Updated 28 September 2018 - New blog post - The #PeoplesWalkforWildlife

Friday, 25 March 2016

Stack Rocks & Green Bridge, Pembrokeshire – 25 March 2016

After our little break at Bluestone National Park Resort, the sun was still shining so we decided to visit Stack Rocks & The Green Bridge on the South West coast of Pembrokeshire.

To get to the rocks you need to pass through a military range in Castlemartin, which is closed at certain times. It was Good Friday, so we assumed it would be open, but you do need to ring a number to see if it’s accessible on weekdays. (Check out www.visitpembrokeshire.com for more information).

There is a car park fairly near the viewpoints with direction signs/information boards to help you on your way. Our first stop was Stack Rocks, two isolated pillars of limestone which rise steeply from the sea. They are important nesting sites for guillemots and kittiwakes, but neither have returned from their migration yet. They should return in a few weeks time and we intend to go back to enjoy the spectacle.

Information signs
Stack rocks
On the cliffs we could see Fulmars nesting and a single shag. This is the first time I have seen a shag up close and couldn't get over how beautiful it's shiny black coat and stunning green eyes were.

Fulmar nesting in the cliffs
Shag sitting on the cliffs
Our next stop was the Green Bridge - it is renowned as one of Wales' most iconic images from the coast – a huge, 80ft limestone arch with the sea underneath. Sadly, sometime in the future the top of the arch will eventually collapse into the sea and the Bridge will become a stack (like the stack rocks nearby).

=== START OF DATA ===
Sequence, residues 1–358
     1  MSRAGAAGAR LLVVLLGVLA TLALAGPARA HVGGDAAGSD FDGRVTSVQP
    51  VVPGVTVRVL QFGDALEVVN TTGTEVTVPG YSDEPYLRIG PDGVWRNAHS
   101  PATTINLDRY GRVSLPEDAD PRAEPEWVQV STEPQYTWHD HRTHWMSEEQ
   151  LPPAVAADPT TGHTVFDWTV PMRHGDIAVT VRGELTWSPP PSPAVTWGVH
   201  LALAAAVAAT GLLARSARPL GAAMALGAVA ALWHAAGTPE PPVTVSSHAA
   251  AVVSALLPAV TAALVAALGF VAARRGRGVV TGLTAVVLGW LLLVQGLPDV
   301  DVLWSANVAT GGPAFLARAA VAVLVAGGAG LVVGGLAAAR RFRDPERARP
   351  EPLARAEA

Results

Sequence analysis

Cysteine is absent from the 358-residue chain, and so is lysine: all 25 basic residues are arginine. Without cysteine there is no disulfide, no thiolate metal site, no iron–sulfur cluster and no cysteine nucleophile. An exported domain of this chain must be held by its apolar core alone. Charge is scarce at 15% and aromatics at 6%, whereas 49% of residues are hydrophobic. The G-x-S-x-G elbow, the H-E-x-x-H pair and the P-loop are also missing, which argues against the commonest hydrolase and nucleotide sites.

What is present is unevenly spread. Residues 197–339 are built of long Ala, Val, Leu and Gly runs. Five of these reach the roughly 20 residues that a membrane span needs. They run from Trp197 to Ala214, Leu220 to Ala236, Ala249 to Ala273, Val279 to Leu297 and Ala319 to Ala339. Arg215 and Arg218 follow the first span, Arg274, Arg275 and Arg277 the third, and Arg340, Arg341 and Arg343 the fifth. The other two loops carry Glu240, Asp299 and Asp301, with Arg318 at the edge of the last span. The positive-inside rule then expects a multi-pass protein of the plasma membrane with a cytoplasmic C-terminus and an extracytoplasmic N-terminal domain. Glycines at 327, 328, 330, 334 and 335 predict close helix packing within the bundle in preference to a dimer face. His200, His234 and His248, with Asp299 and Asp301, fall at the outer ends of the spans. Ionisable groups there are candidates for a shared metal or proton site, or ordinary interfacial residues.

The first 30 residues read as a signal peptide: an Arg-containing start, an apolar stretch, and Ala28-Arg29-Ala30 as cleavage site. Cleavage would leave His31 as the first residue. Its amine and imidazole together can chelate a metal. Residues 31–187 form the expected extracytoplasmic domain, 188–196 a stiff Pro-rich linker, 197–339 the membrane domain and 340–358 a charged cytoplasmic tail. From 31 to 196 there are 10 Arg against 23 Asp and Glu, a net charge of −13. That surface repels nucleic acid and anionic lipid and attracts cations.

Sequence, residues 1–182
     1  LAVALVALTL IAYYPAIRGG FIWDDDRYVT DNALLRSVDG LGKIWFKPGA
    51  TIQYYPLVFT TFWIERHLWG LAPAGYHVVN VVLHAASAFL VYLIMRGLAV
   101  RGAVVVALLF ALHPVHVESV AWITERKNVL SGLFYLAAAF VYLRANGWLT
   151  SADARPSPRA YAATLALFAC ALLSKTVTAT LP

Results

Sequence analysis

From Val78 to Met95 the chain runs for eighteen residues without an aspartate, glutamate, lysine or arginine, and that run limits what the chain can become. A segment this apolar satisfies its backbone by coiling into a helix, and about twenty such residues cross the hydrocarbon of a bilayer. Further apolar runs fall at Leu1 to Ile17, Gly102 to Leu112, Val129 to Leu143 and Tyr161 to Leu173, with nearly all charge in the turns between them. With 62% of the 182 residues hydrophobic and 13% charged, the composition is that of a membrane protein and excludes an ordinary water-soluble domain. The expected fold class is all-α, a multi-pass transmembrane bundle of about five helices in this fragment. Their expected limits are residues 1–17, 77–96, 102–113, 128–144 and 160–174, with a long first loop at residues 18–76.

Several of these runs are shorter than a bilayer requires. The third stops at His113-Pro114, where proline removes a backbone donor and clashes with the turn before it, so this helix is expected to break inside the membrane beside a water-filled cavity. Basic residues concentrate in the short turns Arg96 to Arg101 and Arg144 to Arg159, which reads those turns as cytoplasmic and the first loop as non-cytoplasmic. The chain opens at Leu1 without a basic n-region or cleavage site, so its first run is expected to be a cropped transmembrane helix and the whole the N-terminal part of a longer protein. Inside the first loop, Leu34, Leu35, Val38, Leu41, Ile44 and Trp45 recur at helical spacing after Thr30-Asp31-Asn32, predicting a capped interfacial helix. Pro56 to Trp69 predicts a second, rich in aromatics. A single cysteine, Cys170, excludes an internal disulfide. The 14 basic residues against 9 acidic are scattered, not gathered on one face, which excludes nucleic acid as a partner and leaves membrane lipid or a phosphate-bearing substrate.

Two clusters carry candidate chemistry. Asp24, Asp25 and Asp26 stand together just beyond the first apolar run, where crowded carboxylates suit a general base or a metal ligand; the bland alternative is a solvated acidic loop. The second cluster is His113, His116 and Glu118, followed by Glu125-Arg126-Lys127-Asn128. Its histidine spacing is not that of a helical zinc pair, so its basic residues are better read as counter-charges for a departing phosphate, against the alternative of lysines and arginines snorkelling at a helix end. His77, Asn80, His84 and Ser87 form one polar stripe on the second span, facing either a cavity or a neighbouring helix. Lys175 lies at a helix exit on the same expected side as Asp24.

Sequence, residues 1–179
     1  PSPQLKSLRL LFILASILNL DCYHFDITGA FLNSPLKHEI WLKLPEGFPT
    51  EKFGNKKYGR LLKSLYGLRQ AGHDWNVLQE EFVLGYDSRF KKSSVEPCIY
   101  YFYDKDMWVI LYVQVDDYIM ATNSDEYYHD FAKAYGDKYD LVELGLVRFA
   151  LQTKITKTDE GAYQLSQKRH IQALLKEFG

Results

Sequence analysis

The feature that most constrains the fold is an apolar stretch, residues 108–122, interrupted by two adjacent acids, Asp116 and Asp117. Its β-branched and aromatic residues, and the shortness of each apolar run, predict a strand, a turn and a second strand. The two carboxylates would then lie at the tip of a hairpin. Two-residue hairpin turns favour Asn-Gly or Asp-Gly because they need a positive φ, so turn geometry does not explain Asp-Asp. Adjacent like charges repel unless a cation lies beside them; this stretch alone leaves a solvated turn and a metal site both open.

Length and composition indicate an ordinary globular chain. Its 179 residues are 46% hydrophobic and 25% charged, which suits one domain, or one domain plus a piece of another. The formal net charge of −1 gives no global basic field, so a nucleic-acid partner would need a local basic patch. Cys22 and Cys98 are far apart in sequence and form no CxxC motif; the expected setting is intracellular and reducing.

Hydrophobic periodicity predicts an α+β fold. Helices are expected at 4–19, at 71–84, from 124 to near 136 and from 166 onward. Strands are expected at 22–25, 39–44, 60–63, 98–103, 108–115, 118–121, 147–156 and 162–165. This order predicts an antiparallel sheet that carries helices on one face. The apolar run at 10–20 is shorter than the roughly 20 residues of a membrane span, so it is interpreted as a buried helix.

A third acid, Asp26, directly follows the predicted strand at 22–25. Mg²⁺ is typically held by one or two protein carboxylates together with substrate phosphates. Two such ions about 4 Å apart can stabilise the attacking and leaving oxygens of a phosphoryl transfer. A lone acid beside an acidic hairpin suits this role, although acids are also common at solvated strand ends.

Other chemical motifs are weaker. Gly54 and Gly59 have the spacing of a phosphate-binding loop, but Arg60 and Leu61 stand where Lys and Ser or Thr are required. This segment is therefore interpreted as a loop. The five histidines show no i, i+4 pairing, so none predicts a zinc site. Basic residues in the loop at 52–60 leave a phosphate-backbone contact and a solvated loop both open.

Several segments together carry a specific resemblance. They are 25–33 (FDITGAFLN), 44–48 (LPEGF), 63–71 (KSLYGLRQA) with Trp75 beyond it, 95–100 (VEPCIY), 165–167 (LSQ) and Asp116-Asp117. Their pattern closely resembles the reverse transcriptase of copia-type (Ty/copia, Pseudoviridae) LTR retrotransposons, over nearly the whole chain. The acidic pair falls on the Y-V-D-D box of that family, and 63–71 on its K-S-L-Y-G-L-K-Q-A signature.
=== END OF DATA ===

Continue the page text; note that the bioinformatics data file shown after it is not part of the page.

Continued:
There is a viewing platform here, so you can get good pics. From here we walked back along the cliff's path and saw a number of smaller birds including skylarks and rock pipits.

The Green Bridge
Rock pipit

From here we walked back to stack rocks and admired the beauty of the area. There was a cormorant and black backed gulls sitting on rocks out at sea,whilst a raven was flying above being chased by several jackdaws.

Such a beautiful coastline
Cormorant & a pair of black backed gulls
Raven & Jackdaws (you can see the size difference of the crows)
We continued walking along the path and saw a big nest on the opposite cliff, we got talking to a local man and he told us that it was a raven's nest. We sat there for awhile waiting to see if the raven returned, but the bird was far too clever - I think it sensed us sitting there, waiting for it. So we carried on and walked down to a spot the gentleman had recommended. It was beautiful, see the below photo...

A wonderful view of the cliffs
On the way back we saw a pair of stonechat and we decided to pass the raven's nest again to see if it had returned. The raven still wasn't there, but two nosy jackdaws were snooping around. It wasn't long before they were shoo'd off by the beautiful raven and we finally could get a photo.

The path is part of the Wales Coastal Path and you can walk from here to St Govans Chapel, a small thirteenth century stone chapel that was built within the cliffs of St Govan's Head. I definitely want to do a blog on that in the future, so watch this space for that one...

Male & female stonechat on some brambles
A pair of nosy jackdaws check out the raven's nest...
...not for long though, the raven returns to protect the nest.
A sign to show where to go for the Coastal Path

It is a great part of Pembrokeshire to explore and it would be interesting to see the Green Bridge at different times of day (Sunrise, etc). I can't wait to return and will do before this year is out :)

You can find out more about it here.

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